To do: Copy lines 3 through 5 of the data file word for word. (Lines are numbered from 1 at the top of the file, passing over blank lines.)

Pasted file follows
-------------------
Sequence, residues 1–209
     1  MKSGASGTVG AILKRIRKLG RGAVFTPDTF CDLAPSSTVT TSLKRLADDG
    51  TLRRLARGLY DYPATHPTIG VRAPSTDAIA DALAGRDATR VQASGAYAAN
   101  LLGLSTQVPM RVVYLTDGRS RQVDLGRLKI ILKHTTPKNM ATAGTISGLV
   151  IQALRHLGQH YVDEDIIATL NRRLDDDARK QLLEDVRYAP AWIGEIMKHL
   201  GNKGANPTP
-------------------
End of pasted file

    51  TLRRLARGLY DYPATHPTIG VRAPSTDAIA DALAGRDATR VQASGAYAAN
   101  LLGLSTQVPM RVVYLTDGRS RQVDLGRLKI ILKHTTPKNM ATAGTISGLV
   151  IQALRHLGQH YVDEDIIATL NRRLDDDARK QLLEDVRYAP AWIGEIMKHL